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Why you should switch to an eLCV

 Published 7th April 2022
General Guides  Low Emission Vehicles 

Electric vans are big business, with new models arriving regularly as manufacturers rapidly expand the models available. The activity is giving extra vitality to this sector with the promise of low running costs and greater suitability for typical LCV trips.

What's more the Government has provided a period of financial support stability for two years following the extension of the plug-in van grant - see our story Extension for plug-in van grant.

We look at the benefits that leasing an eLCV could bring.

Cheaper fuel

Electricity is not taxed in the same way as diesel, and as such it is much cheaper to run an electric vehicle than a fuel-powered one. Electricity costs are rising, but so too have diesel prices, and it remains significantly cheaper when looking at a pence-per-mile basis.

vauxhall e-vivaro

To fully recharge the 75 kWh battery of a Vauxhall Vivaro-e will cost £15 at 20p/kWh for 205 miles of range - 7p/mile. In comparison, a similar diesel Vivaro will cost £105 for a full tank of diesel at 150p/litre for a range of 620 miles - 17p/mile.

Plenty of range

Businesses have varying needs, load sizes and weights, and work in vastly different territories, but many would be able to switch at least part of their fleet to pure-electric vans. Working on the UK average van mileage of 13,000 a year (according to government statistics), that would equate to around 50 miles per day.

renault zoe van

There are a great number of vans on the market, from compact supermini-sized models like the Renault Zoe Van to large vans such as Fiat's e-Ducato, that can comfortably cover that distance, even in winter and with a load.

Driving ranges available for new vans range between 100 and 200 miles on a charge, depending on model. Some can exceed the 200 mile mark, but even those with a smaller range would suit plenty of businesses, which also benefit from well recognised routes and use cases, established with diesel models over recent years.

What's more the latest vans - such as the latest eVito - come with rapid charging capability, allowing a recharge of some 100 miles within 30 minutes.

No compromise on load area

The majority of eLCVs have no reduction in load area when compared with a conventional diesel model. The main logistical logistics are the reduced range on a single charge - though this has been covered above - and a reduced payload.

The reason behind this is because the eLCV's battery can often weigh many hundred kilograms, so the ratings have to be adjusted accordingly.

That said, these tend to be within a similar range. Comparable Peugeot Expert and e-Expert models for example have a payload of almost 1,450kg and around 1,225kg respectively. So unless you're getting close to maximum payload each time you load up, there is likely to be little change to logistics.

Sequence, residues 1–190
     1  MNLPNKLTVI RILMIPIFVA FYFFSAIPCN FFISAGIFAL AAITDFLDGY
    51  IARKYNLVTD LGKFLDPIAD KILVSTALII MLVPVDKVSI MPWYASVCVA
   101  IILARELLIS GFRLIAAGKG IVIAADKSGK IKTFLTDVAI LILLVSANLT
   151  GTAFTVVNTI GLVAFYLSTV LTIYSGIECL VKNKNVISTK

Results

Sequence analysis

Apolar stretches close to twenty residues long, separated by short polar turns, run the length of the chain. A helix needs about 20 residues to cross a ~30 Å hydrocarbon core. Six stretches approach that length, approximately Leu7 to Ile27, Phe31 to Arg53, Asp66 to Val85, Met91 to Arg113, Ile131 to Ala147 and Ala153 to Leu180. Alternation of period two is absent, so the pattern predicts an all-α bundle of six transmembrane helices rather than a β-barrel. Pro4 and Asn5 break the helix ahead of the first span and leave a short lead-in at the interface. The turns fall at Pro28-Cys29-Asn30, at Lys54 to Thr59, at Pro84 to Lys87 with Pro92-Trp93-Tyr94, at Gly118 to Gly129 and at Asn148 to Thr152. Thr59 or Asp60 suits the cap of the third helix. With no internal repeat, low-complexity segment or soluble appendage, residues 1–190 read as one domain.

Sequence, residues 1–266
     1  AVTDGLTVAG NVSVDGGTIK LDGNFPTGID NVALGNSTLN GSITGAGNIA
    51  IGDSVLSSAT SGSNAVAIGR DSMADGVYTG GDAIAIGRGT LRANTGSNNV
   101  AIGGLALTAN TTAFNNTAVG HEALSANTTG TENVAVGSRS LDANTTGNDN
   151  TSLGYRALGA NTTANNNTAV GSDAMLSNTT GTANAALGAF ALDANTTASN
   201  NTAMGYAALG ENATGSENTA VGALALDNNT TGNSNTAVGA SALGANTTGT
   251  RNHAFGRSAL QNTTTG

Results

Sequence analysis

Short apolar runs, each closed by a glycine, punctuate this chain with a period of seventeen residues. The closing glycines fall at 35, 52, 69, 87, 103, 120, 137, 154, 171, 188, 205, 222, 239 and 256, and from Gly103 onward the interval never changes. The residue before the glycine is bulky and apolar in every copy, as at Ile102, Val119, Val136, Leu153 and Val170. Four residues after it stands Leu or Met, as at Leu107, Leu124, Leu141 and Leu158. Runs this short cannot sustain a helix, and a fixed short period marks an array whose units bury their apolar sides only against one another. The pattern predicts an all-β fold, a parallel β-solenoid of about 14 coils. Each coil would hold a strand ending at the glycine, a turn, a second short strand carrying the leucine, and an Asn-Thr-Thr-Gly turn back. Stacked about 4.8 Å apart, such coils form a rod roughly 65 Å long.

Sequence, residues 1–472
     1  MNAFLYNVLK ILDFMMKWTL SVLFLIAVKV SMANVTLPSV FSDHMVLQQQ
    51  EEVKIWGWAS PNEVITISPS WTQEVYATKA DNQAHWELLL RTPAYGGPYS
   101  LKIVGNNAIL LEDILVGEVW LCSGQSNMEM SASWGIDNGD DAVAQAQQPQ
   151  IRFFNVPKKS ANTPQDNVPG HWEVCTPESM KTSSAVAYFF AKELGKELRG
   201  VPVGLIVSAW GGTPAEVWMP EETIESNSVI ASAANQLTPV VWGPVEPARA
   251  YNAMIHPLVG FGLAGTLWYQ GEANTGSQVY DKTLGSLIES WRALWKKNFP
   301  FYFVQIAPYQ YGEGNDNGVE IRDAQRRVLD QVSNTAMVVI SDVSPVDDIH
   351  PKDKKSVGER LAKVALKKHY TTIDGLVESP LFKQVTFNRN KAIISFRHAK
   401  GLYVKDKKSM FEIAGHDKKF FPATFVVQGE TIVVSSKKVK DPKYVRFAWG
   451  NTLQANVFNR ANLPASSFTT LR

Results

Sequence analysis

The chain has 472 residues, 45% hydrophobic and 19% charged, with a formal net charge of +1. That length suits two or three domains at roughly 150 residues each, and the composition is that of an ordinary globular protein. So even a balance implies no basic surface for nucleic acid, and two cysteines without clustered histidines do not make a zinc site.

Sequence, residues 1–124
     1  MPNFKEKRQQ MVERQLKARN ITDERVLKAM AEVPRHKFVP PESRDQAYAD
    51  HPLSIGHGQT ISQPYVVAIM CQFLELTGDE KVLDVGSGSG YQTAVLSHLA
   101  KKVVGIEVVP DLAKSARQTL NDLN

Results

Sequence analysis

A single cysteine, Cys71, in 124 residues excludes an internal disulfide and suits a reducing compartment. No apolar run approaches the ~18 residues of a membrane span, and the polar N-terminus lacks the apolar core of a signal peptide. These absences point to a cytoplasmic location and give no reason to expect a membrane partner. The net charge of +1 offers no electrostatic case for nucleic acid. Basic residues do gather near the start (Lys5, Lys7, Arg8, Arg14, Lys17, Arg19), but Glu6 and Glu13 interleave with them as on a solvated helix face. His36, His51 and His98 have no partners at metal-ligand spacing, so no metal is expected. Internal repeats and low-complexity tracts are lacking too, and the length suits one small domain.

Improved TCO

Total Cost of Ownership (TCO) is a significant factor in running a vehicle for a business, and alongside the lower fuel costs eLCVs present, they also offer reduced TCO figures.

An electric powertrain is simpler to maintain than a diesel engine and systems, plus brake discs and pads last longer thanks to brake energy recuperation. This sees the vehicle invert the electric motor, using it to help slow the van down and charge the battery a little rather than draw power from it.

Tax benefits see the Van Benefit Charge set at £0, and there are Plug-in Van Grants available to reduce the monthly cost of the vehicle.

Green image

By driving an electric van, it gets involved in a business's marketing from the off, with no additional spend. A near-silent, zero-tailpipe emission vehicle is something that people notice, and it can help present a business with an improved environmental reputation.

Using an eLCV for deliveries means that there is no local air pollution as electric vans produce no emissions during operation. Equally, noise pollution is reduced, further enhancing the reputation of your business.

Better to drive

Many vans are used for local routes (51% of all van driving according to Government stats), and are regularly being run for very short periods before either being left on while delivering (damaging a firm's reputation and wasting fuel) or being turned off and on repeatedly, causing increased wear.

An electric van has quicker pick-up thanks to the instant response and torque offered by electric motors, making them spritely to drive and well-suited to urban deliveries.

Add in the near silent operation and the experience of driving an electric van becomes a more peaceful and relaxing experience, offering a revolution for the driver as much as your fleet.

Rob Marshall, Operations Director of Gateway2Lease, offers this view on eLCVs:

"While the Government's 2030 ban on petrol and diesel new vehicle sales still feels some way off, it is in fact just two van lifecycles away. Getting in early with an electric fleet will not only help operators with their Environmental, Social and Governance reputations, but establish the operational requirements that will become mandated by 2030.

"Not only that, but increasingly fleets will need to meet the sustainability ambitions of their clients, which will inevitably include an electrified fleet. For commercial van fleets operating local deliveries - that's more than 50% of van journeys - there's little justification not to consider van fleet electrification.

"We can offer our help and experience to van operators who wish to decarbonise their fleets. Please don't hesitate to get in touch with us if we can help in any way."

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